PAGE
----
an abnormal TFT that has not been acted upon within a

specified time. S.Y. Tan,' G.V. Gill,2 T. Hales, Arrowe Park Hospital, Wirral, Merseyside L49 5PE, UK. 'Present address: Medical Renal Unit, Royal Infirmary of Edinburgh, Edinburgh EH3 9YW, UK. 2Present address: Department of Medicine, Walton Hospital, Rice Lane, Liverpool L9 JAE, UK. References 1. Philp, J.R., Duthie, M.B. & Crooks, J. A follow-up scheme for detecting hypothyroidism in thyrotoxic patients treated with radioiodine. Lancet 1968, ii: 1336. 2. Lazarus, J.H. Follow-up of thyroid disease: three years' experience of an automated system. Health Trends 1978, 10, 66-69. 3. Jones, S.J., Hedley, A.J., Curtis, B. et al. Do we need thyroid follow-up registers? Lancet 1982, i: 1229-1233. 4. Davies, P.D.O., Lazarus, J.H. & Wheeler, M.H. A computerassisted thyroid follow-up system. World J Surg 1986, 10: 681-686. 5. Hedley, A.J., Jones, S.J., Spiegelhalter, D.J. & Clements, P. Breast cancer in thyroid disease: fact or fallacy? Lancet 1981, i: 131- 133.

Cytomegalovirus colitis in an elderly patient Sir, We report a patient with severe cytomegalovirus (CMV) colitis, in association with Clostridium difficile infection. An 83 year old previously fit woman was admitted with collapse. She was confused and chest X-ray confirmed left basal pneumonia. She was treated with intravenous ampicillin but next day she became pyrexial, with vague abdominal pain and was noted to have diarrhoea. Sigmoidoscopy revealed inflammatory changes up to 15 cm. Stool culture showed a significant growth of Clostridium difficile. Oral vancomycin rendered her stool culture negative but the diarrhoea continued sometimes mixed with blood. Barium enema showed some irregularity in the sigmoid colon confirmed to be gross sigmoid colitis by colonoscopy. She was treated with prednisolone and olsalazine which were stopped when the biopsies reported a large number of cytomegalovirus-infected cells with inclusion bodies. Treatment with intravenous ganciclovir was commenced. Human immunodeficiency virus (HIV) test was negative, serum electrophoresis excluded gammopathy and CMV IgM titres were significantly raised. She failed to improve and subsequently died. Postmortem examination revealed no evidence of ulcerative or ischaemic colitis, no CMV inclusion bodies were seen in the colonic mucosa which was denuded and inflammed and her lungs were severely bronchopneumonic. Although detecting CMV inclusions by cytologic or histologic methods is diagnostic. It is not considered a sensitive means of diagnosis.' It reflects activity of infection and could be a useful marker to guide antiviral therapy.2

There is a high prevalence of CMV IgM antibodies among elderly patients despite the lack of obvious evidence of clinical sign or viral shedding. This might be attributed to the progressive decline of the immune system in old age; however the exact reasons are still unknown.3 CMV colitis is a recognised complication in severe immunodeficiency states but it is also reported to occur as an isolated phenomenon. The associations with ulcerative colitis and colonic adenocarcinoma have been reported, but it remains unclear as to how significant these associations are.4 In ulcerative colitis the susceptibility to CMV infection may be attributed to either steroid treatment or the growth of readily infected granulation tissue as a result of tissue damage.4 In our case CMV colonic biopsies were taken before starting steroid therapy. It is possible that the tissue damage associated with the Clostridium difficile colitis increased the patient's susceptibility to CMV colitis as ulcerative colitis may do. This hypothesis requires further studies for confirmation. S.H. Jawad Queen Mary's University Hospital, Roehampton Lane, London, SWJS SPN, UK.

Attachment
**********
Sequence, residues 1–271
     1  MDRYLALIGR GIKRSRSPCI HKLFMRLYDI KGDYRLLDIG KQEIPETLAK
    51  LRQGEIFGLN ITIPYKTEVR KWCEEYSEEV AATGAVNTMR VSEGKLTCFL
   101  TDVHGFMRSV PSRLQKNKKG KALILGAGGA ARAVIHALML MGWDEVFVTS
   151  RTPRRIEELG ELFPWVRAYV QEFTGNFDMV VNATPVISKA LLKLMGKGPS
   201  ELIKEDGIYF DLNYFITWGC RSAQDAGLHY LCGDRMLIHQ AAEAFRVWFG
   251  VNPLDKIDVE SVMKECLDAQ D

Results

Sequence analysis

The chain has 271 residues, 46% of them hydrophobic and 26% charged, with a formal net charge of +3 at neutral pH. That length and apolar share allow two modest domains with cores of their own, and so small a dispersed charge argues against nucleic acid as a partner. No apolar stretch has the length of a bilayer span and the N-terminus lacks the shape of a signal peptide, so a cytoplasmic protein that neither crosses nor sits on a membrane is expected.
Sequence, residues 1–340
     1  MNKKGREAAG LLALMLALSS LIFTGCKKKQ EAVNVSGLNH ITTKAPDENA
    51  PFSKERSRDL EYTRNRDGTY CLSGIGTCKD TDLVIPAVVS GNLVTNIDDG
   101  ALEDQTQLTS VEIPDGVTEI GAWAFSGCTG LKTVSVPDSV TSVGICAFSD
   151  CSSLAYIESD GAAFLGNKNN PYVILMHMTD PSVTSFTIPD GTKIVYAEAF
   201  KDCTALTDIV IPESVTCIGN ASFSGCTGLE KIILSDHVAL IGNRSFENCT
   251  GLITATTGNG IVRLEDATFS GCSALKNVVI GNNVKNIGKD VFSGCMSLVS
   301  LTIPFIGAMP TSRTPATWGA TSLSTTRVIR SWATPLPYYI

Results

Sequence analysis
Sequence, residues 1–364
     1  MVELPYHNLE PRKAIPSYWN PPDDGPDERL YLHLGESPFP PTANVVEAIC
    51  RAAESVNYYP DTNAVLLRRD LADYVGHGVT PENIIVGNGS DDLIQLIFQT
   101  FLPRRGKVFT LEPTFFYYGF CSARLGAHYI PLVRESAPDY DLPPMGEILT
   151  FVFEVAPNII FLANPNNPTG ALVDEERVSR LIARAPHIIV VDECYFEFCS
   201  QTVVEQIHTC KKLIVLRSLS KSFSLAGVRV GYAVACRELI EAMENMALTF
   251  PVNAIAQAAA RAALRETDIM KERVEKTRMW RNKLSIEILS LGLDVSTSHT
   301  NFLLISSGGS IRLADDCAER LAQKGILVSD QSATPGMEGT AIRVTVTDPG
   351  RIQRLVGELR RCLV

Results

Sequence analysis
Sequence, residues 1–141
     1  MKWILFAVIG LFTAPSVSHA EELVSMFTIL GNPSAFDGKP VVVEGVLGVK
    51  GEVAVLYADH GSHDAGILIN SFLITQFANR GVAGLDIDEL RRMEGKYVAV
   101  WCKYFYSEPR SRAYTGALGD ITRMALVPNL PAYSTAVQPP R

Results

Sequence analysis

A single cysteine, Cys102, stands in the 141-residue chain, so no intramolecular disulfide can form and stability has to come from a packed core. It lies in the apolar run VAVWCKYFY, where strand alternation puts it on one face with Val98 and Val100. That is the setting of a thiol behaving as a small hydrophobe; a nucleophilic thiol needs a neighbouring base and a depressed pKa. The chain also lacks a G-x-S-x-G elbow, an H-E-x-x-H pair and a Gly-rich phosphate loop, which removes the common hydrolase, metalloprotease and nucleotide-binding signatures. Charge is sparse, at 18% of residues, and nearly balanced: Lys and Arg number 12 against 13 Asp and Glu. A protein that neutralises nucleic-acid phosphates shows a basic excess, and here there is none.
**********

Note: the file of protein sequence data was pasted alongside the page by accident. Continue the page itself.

References 1. Lawrence, D.W. Diagnosis of cytomegalovirus infection. Rev Infect Dis 1988, 10 (Suppi 3): S468-S474. 2. Griffiths, P.D. Diagnosis of cytomegalovirus infection. J Antimicrob Ther 1989, 23 (Suppl E): I1 - 16. 3. Weymouth, L.A., Gomolin, I.H., Brennan, T., Sirpenski, S.P. & Mayo, D.R. Cytomegalovirus antibody in the elderly. Intervirology 1990, 31: 223-229. 4. Robey, S.S., Gage, W.R. & Kuhajda, F.P. Comparison of immunoperoxidase and DNA in situ hybridization techniques in the diagnosis of cytomegalovirus colitis. A J C P 1988, 89: 666-670.

Monozygotic twins concordant for both open-angle glaucoma and bronchospasm induced by beta-blockers Sir, A female monozygotic twin pair, born in 1914, is reported which demonstrates concordance for both open-angle glaucoma and bronchospasm precipitated by betablockers. The monozygosity of the twin pair was inferred by their morphological identity and homologous blood group antigens. There was no personal or family history of bronchospasm, atopy, or glaucoma; neither twin was a tobacco smoker. Primary open-angle glaucoma was diagnosed in one twin at the age of 67 years and treated with pilocarpine eyedrops. Propranolol was subsequently prescribed for angina pectoris and bronchospasm developed which resolved upon withdrawal of the propranolol. Ten years later, an incidental diagnosis of advanced open-angle glaucoma was made in her asymptomatic co-twin. Treatment was commenced with betaxolol eyedrops but after 6 weeks, she developed bronchospasm. The betaxolol eye-

Thyroid register audit: a district general hospital experience.

Postgrad Med J (1992) 68, 483 - 488 i) The Fellowship of Postgraduate Medicine, 1992 Letters to the Editor Angiotensin converting enzyme inhibitors...